In 2009, two German health insurers introduced the medical specialists’ contract in cardiology (cardiology programme) within the state of Baden-Wuerttemberg (approximately 11 million inhabitants). This managed care programme is the first selective contract in Germany targeted at medical specialists in ambulatory health care. As a medical specialists’ counterpart to general practitioner(GP)-centred care, it aims for efficient, high quality cardiovascular care, coordinated between medical specialists and GPs in the ambulatory sector. Key features of the programme include quality-related requirements for medical specialists, strict adherence to clinical guidelines and standardized means and regulations for communication between GPs and medical specialists. Participating physicians receive a higher reimbursement than in usual care. Patients, in turn, are promised the overall benefit of improved cardiology care as well as mainly access-related services, such as faster appointments compared to usual care .
The cardiology programme is the first one of its kind in Germany and subsequent selective contracts for other medical fields were designed in a similar fashion. Still, no evaluation of the cardiology programme had taken place yet. This thesis aimed to understand implementation of this selective contract and to ultimately allow for an assessment of whether and how managed care programmes can be successfully implemented in Germany and how they are implemented de-facto. The thesis examined four specific research questions: 1) Are there systematic differences between physicians who participate in the programme and those who do not? 2) What motivates physicians to participate in the cardiology programme and what are barriers? How are the initial motives and expectations of participating physicians related to the programme’s aims in this regard? 3) How are the contents of the programme actually implemented by participating medical specialists and cooperating GPs? What is the role of context factors for the implementation? 4) To what degree do participating physicians perceive effects of the programme on patient care?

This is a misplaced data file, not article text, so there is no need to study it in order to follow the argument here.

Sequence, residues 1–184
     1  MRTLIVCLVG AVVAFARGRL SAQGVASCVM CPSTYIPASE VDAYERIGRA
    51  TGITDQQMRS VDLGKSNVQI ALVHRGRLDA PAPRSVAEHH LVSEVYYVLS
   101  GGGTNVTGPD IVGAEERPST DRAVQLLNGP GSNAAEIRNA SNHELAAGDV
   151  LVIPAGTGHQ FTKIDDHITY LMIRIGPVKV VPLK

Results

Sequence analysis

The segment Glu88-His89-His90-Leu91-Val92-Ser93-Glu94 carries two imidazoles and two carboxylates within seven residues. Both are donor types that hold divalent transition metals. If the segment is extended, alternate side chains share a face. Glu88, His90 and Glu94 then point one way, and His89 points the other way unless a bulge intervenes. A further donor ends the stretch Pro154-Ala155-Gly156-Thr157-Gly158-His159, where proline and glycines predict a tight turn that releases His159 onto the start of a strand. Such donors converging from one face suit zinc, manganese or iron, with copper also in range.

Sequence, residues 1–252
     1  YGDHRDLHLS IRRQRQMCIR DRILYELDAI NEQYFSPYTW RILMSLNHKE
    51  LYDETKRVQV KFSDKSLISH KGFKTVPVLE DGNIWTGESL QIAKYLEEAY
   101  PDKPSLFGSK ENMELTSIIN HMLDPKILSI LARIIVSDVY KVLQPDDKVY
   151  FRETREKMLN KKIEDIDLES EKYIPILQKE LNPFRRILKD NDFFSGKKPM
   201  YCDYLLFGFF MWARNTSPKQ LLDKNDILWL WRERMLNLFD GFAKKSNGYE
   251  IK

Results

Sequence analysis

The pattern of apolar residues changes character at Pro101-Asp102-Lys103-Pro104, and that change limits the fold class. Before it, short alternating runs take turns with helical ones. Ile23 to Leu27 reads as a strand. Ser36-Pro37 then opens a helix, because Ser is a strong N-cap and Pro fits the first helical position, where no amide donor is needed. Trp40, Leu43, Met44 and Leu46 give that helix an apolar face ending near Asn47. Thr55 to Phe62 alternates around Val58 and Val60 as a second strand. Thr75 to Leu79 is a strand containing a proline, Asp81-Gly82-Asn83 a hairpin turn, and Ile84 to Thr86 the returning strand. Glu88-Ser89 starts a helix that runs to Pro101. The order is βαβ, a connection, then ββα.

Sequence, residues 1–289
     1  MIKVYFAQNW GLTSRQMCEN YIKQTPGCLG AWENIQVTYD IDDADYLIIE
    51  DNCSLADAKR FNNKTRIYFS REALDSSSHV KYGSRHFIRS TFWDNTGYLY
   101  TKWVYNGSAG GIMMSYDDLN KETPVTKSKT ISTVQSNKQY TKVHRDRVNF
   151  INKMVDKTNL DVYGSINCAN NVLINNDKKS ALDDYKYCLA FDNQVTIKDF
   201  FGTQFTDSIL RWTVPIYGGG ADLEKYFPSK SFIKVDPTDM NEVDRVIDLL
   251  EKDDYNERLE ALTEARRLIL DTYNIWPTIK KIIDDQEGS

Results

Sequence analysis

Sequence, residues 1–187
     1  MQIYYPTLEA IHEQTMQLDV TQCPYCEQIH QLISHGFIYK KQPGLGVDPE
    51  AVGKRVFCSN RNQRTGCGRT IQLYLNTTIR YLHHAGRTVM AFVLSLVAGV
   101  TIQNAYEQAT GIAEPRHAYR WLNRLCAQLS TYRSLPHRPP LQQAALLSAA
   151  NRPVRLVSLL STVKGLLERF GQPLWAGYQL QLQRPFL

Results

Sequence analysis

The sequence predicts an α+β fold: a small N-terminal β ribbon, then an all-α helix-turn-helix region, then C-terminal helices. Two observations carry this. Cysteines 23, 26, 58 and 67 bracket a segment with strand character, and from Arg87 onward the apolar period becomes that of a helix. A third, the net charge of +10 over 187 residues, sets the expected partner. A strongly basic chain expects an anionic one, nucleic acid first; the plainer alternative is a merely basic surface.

The study was performed using a mixed-methods approach. The qualitative phase included telephone interviews with practice-based medical specialists active in cardiology care inside and outside the programme as well as GPs inside and outside GP-centred care. The quantitative phase included written questionnaires for practice-based medical specialists active in cardiology care inside and outside the programme as well as GPs in GP-centred care.
Telephone interviews were conducted with 23 medical specialists inside and 11 medical specialists outside the cardiology programme. Furthermore, 18 GPs inside and 8 GPs outside GP-centred care were interviewed. The written questionnaire was completed by 75 medical specialists inside and 21 medical specialists outside the cardiology programme as well as 73 GPs participating in GP-centred care.